Oscars 2019: How ‘Black Panther’ costume designer wove a fantasy
For more than 30 years, Ruth E. Carter has dressed the characters in seminal films about the African-American experience, from “Amistad” and “Selma” to “Love & Basketball” and much of Spike Lee’s oeuvre.
But her work for 2018’s “Black Panther,” which has earned her a third Oscar nomination for Best Costume Design (once again, she could become the first Black woman to take home the award), presented her with a unique opportunity to look beyond America, and into the future.
With director Ryan Coogler and production designer Hannah Beachler, she crafted a new vision of Africa through Wakanda, a fictional country that leaves the West in the dust in terms of technological and social advancement.
“I knew Marvel comic books and that this super fandom was big, so I was enthusiastic. I was curious,” Carter said. “I thought this has got to be an important film, and it had to be something that was Afrofuturist … I would have to represent images of beauty, forms of beauty, from the African tribal traditions so that African-Americans could understand it; so that (non-black) Americans could understand African-Americans better; so we could start erasing a homogenised version of Africa.”
Her final vision was an unabashedly slick hybrid of traditional garments and motifs mined from across the continent. (She had a massive team of 100 buyers to source pieces for inspiration.) She describes the result as a “quick study of the tribes, the cultures and the traditions of beauty” that different communities used to present themselves.
The Dora Milaje, fierce female warriors led by Danai Gurira’s Okoye, wear handcrafted metal neck rings inspired by those worn by the Southern African Ndebele tribe, and tabards covered in the type of intricate beading that proliferates across the continent.
Angela Bassett, as Queen Ramonda, wears 3D-printed versions of a Zulu married woman’s hat as her crown. When undercover in a South Korean casino as the spy Nakia, Lupita Nyong’o wears a striking dress hand-painted with Wakandan text — a nod to kente cloth native to Ghana.
While Carter eschewed the wearable tech that has featured prominently in the comics (“I didn’t want you to look at it 10 years from now — three years from now — and think that looks outdated”) she embraced the bright colors characteristic of the medium — vibrant reds for the Dora Milaje; earth tones for Nyong’o; a remarkable green suit by British designer Ozwald Boateng, who is of Ghanaian descent, for an elder statesman, accessorized with a matching lip disk. The titular Black Panther, T’Challa, played by Chadwick Boseman, stands out in his monochrome suit.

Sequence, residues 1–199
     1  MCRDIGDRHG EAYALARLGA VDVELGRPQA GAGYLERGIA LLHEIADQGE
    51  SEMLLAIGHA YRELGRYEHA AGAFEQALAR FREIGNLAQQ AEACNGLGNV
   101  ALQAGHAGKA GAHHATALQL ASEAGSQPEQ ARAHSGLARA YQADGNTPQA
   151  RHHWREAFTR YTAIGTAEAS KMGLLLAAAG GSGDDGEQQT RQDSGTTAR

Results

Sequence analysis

“I think people have their own idea of what modern and futuristic is. Modern and futuristic to some means that you wear black and you’re very simple and you’re very monochrome, but … (I used) color because it was Africa, and Africa uses a lot of color. You see the Maasai tribe in beautiful reds; you see the Turkana tribe in beautiful purple. That’s just a fact of life,” Carter said.
“If (Wakanda is) a melting pot of all of these different cultures, and they’re moving forward with all of their forward thinking and technology, I don’t think that they necessarily leave their cultural colors.”
Since its release last February, the support for “Black Panther” has been mighty. Outside of its seven Academy Award nominations (including a groundbreaking Best Picture nod) and global box office takings totaling $1.347 billion, it’s resonated with black people across the diaspora in a profound way.
Carter was delighted and proud to see theatergoers around the world attending screenings in Wakanda-inspired ensembles. (“African-Americans were doing the best they could, and they were doing a good job, but Africans were like woo! They were showing up!”)
More than anything, she hopes that, after watching “Black Panther,” viewers — especially African-Americans — will come away with a greater appreciation for the beauty that presents itself across the continent and put less stock in the often-negative images of Africa that have been used to shame black people across the diaspora for centuries.
“There’s so much beauty around Africa and it’s so diverse. There are so many things that you don’t know that you probably would be surprised about,” Carter said. “So, to me, it was inspiring to be able to present Africa in so many ways, with different tribes and different color palettes, and use beauty, just plain old beauty, as my guide.”
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